Vice President of Student Affairs and Dean of Students Sarah Feyerherm said, “We have four recognized fraternities right now and three of them need to get their numbers up to stabilize them for the future. To try and start another recognized fraternity in that context just doesn’t make strategic sense.”
According to Feyerherm, “the lower enrollment numbers and the much smaller first-year class size (as well as the fact that our percentage of male students is only about 40% of our population) were all contributing factors.”
This change of plans, which was made last week, according to Wannamaker, “was a collaborative decision made with Student Affairs, the National Chapter of Phi Sigma Kappa and the students that wanted to re-establish the chapter.”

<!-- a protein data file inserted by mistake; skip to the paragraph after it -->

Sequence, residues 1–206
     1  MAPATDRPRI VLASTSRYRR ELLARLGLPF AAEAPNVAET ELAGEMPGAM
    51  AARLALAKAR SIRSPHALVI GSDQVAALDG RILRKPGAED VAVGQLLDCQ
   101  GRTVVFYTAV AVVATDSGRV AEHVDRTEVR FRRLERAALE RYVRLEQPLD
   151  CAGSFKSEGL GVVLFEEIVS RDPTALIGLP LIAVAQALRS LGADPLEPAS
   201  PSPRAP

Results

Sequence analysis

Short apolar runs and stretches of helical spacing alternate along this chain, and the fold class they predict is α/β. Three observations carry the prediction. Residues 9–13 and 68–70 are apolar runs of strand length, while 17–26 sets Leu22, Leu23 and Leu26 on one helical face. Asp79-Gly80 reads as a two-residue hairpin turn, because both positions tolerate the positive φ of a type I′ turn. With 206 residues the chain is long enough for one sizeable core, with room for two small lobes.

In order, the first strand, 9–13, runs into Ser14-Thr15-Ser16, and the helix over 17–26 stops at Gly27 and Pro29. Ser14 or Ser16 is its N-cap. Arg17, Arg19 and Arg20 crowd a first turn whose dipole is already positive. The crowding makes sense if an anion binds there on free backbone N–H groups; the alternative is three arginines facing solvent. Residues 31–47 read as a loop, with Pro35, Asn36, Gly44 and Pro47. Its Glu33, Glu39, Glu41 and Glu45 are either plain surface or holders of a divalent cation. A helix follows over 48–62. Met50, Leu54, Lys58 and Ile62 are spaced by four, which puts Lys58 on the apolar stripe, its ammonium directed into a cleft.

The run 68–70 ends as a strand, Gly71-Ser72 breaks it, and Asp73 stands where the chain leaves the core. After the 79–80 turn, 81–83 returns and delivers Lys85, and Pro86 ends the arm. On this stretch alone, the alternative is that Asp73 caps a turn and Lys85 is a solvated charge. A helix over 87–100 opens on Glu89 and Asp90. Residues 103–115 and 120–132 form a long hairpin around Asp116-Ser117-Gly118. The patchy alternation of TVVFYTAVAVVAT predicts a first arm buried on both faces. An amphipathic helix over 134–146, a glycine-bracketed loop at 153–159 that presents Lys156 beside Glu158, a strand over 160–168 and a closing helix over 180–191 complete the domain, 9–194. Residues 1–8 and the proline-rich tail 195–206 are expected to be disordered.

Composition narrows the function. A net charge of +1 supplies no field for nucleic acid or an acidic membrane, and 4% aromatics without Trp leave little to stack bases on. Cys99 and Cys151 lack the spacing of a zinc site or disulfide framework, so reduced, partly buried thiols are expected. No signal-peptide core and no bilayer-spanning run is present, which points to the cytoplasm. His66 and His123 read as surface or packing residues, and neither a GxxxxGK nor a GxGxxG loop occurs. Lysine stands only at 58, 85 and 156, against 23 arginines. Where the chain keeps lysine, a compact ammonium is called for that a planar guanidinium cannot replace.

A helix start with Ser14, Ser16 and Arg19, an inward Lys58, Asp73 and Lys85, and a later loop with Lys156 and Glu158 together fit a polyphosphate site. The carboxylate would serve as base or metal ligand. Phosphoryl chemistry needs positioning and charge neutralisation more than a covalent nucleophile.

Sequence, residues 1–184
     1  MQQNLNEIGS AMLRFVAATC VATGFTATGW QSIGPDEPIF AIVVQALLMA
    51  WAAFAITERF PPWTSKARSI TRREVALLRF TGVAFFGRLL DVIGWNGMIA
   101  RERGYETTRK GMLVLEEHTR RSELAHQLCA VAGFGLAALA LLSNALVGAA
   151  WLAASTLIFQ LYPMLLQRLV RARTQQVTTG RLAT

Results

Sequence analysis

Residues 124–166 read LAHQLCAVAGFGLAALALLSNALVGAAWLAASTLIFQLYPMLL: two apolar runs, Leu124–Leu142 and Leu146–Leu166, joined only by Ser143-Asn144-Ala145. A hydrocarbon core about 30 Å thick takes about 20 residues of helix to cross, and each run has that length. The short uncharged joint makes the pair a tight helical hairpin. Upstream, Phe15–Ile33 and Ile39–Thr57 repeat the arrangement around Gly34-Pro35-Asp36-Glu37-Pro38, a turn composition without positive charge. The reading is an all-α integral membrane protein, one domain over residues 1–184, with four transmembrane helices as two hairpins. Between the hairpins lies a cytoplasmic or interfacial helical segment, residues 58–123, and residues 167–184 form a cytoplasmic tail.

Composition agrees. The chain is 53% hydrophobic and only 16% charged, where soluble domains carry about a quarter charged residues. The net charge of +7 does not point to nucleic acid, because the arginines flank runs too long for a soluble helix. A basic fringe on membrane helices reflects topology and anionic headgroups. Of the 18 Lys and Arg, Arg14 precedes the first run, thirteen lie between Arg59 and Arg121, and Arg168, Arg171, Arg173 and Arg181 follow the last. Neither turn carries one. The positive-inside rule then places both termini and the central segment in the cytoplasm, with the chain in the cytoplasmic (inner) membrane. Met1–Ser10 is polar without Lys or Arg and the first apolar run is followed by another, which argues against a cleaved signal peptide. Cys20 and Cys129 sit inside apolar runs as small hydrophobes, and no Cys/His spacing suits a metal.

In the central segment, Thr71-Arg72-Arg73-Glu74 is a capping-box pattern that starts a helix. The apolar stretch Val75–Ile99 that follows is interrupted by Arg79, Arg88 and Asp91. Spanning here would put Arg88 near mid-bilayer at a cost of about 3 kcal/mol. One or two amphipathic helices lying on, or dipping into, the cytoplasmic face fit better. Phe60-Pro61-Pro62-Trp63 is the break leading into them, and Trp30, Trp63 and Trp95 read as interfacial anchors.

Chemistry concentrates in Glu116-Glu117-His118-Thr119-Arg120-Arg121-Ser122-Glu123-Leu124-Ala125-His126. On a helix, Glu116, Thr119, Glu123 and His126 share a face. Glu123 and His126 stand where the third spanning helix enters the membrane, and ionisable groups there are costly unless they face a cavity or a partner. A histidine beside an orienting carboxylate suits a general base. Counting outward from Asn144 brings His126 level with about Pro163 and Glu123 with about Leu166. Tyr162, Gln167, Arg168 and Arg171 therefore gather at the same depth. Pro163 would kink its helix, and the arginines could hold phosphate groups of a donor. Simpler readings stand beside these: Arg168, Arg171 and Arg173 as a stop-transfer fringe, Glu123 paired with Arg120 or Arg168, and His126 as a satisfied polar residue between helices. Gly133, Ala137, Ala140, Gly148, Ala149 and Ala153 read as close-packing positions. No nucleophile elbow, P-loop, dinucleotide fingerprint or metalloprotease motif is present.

“The discussion to move forward with the recognition process may pick up again in the future, but not at this time,” she said.
“A timetable has not been set for any future reestablishment of our presence on campus,” Silvola said on Friday.
Risse said, “My understanding of the situation is that Student Affairs wants to ensure that the Greek life environment is healthy and sustainable before adding another group into the mix.”
“In the meantime,” Wannamaker said, “the College will work with the currently recognized fraternities to increase membership and to create a more stable fraternal program among the existing organizations.”
“We as an interest group are excited to start working on growing our image and being a more active part of the community. We are also extending an invitation to anyone interested to become a part of the interest group and help us prepare for reestablishment,” Risse said.